Wednesday 15 Apr
Updated Wednesday 15 Apr 12:30

Josh Ewens: West Ham United's first-team fitness coach on working in COVID-19 lockdown

Felipe Anderson works out at home


As circumstances continuously change with ever-evolving implications of the COVID-19 outbreak, first-team fitness coach Josh Ewens takes us through the challenge of keeping the West Ham United squad in prime condition...


Certainly, there have been a lot of challenges in my role since the Arsenal game last month!

In the very early days, when it first became clear that we couldn’t train as we usually would, we went through a period of time where we trained at distance. 

We did non-contact work, staying compliant with the government’s social distancing rule of keeping two metres apart. Players went straight from their cars onto the pitch. It wasn’t football training as you’d normally see it, but there was training with the ball. 

Then, as the Government guidelines changed further, we took the lead from our medical team and the Premier League’s doctors. It was clear that players would need to work individually, from home, which obviously is a whole other ball game.

First things first, our challenge was kitting the players out with everything they would need to keep strong and fit for the foreseeable future, and for an unspecified amount of time. 

Angelo Ogbonna works out at homeWe had to make sure the players had everything they needed, and to be prepared for Government rules and guidelines to potentially change again from what they currently are, which allows one bout of exercise outside every day.

We did this by both distributing equipment from the training ground, which was deep cleaned thoroughly, and getting new equipment. The groundstaff were fantastic in helping with this. 

Everything from dumbbells to kettlebells, barbells and spin bikes to treadmills – everything was distributed to players. We’ve also provided them with cones and balls, so they can at least get a little touch of the ball and keep their technique up at home.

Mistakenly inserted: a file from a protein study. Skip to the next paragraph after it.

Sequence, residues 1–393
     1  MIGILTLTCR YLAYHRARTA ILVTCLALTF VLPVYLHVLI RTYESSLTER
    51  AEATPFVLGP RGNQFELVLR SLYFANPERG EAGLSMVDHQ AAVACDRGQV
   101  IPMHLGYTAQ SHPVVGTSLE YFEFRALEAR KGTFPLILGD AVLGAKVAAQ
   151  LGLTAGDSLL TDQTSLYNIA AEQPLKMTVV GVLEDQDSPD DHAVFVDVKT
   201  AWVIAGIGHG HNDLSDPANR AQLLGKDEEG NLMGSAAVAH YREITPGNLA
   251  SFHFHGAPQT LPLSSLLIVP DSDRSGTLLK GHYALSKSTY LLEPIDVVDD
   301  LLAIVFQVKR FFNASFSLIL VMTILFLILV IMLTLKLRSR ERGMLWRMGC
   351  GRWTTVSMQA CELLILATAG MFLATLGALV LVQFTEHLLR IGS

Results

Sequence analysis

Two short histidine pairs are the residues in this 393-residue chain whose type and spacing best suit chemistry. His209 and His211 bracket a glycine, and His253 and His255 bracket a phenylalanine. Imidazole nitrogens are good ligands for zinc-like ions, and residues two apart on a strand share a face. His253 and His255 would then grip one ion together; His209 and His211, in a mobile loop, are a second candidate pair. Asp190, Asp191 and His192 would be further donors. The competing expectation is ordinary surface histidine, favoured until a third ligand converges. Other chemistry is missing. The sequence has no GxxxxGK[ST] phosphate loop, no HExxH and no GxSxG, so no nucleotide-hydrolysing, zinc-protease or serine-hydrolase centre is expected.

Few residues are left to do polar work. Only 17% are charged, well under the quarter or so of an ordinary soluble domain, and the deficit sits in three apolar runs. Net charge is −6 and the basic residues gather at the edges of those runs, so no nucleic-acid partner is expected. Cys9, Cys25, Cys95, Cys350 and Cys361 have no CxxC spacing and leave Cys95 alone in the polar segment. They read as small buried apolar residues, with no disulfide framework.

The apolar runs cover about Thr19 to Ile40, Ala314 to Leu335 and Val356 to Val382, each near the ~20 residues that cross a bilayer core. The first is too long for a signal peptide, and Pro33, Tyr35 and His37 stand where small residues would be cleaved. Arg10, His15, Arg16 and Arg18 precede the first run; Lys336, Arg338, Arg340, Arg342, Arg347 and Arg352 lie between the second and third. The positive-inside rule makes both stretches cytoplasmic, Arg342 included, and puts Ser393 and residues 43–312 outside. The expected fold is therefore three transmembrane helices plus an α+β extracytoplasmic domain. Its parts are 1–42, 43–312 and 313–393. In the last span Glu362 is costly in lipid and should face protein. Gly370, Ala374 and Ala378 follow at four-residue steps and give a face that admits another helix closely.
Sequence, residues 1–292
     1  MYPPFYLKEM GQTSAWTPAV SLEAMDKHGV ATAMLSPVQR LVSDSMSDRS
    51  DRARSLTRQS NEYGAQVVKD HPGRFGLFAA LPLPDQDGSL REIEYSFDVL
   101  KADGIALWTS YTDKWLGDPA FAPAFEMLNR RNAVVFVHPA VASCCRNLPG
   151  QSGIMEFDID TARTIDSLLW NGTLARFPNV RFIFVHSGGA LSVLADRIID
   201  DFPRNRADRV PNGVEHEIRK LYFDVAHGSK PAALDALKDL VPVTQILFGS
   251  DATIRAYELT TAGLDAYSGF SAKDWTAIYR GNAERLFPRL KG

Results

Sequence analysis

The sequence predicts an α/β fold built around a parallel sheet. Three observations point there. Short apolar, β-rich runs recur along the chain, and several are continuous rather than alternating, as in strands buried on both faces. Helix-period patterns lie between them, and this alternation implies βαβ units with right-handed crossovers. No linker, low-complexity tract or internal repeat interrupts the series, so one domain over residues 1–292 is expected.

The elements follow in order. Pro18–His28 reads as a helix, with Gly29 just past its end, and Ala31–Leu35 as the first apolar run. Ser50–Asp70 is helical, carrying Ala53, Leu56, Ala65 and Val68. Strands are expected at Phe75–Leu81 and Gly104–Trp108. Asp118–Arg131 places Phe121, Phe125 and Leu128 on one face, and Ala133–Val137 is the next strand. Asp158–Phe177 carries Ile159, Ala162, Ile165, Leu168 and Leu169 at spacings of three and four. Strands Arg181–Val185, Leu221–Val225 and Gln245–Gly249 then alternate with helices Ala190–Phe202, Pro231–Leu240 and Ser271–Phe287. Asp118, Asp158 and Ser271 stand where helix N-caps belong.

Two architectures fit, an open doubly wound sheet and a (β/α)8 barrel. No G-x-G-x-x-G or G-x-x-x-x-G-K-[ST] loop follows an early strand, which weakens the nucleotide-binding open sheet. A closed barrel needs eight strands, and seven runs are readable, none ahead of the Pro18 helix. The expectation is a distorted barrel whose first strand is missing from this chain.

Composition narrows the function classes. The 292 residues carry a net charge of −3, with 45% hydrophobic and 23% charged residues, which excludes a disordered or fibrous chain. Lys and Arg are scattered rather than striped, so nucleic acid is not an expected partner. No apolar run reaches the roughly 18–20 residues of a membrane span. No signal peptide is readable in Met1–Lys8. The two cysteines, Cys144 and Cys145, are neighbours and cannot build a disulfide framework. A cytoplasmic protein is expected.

The next challenge was obviously giving them appropriate work to do. Myself and the rest of the Sports Science and Medical teams have worked hard to make sure that every player has an individual running conditioning programme and an individual strength programme which gets communicated to them on a daily basis. 

The players are spoken to every day to chat about the programmes and see how they’re getting on. That’s obviously been a challenge with 25 of them, but one that the department have relished.

We’ve also been using an App that we’ve developed to track players’ training loads and look at their distances, speeds, reps, durations – even the locations as to where they’ve been doing their exercise. Our training analyst, Adam Crossley, can collate all of that and adjust their individual programmes accordingly so, as much as possible, it’s been business as usual in terms of the provision physically.

From the nutritional and health side of things, our performance nutritionist Matt Jones has been fantastic in finding a load of different companies to provide the lads with deliveries. 

For most of them that’ll be a weekly delivery – fresh fruit, vegetables, and meat – to the specifications of what they need according to our performance nutritionist. The companies we work with have also been fantastic in making sure that we can get deliveries of all of the performance supplements they might need at this time.


Josh Ewens leads the squad through a warm-up at Rush Green before Christmas
Josh Ewens leads the squad through a warm-up at Rush Green before Christmas


We’ve also had our performance nutritionist spending a lot of time speaking to players remotely, while also helping them to prepare the food they need to. Some people aren’t isolating with their partners or people who might help them cook, so that’s been a challenge in itself, but the nutritional side of things has been extensive and has worked really well.

The other challenge that we’ve faced, as I’m sure everyone has, is psychological. It’s very difficult for many people all over society, and that’s the same with the lads: some are on their own in isolation, from different countries, with families in different countries, and some players have young families at home with them all day now.

When we feel we need to, we hold team online sessions where we can see each other and keep that team spirit up, as well as using the players’ WhatsApp group to keep a bit of banter flowing around too. They’ve been great.

Regular communication from my department, the Manager and the coaching staff, has been helpful, just making sure that everyone’s got what they need, are in a good place and can keep a little bit of freshness to what they’re doing.

From my point of view, by changing up the type of work the players do, it’s important to try and keep things fresh and find as many different ways as possible to get the same outcome: that they’re as ready and as fit as they can be going back into the remainder of the season, whenever that is.

The lads have been absolutely outstanding. They’re extremely motivated to work. They know there’s a lot more work to be done this season, and they’re looking forward to being back, ready, and fit to finish the season strong.


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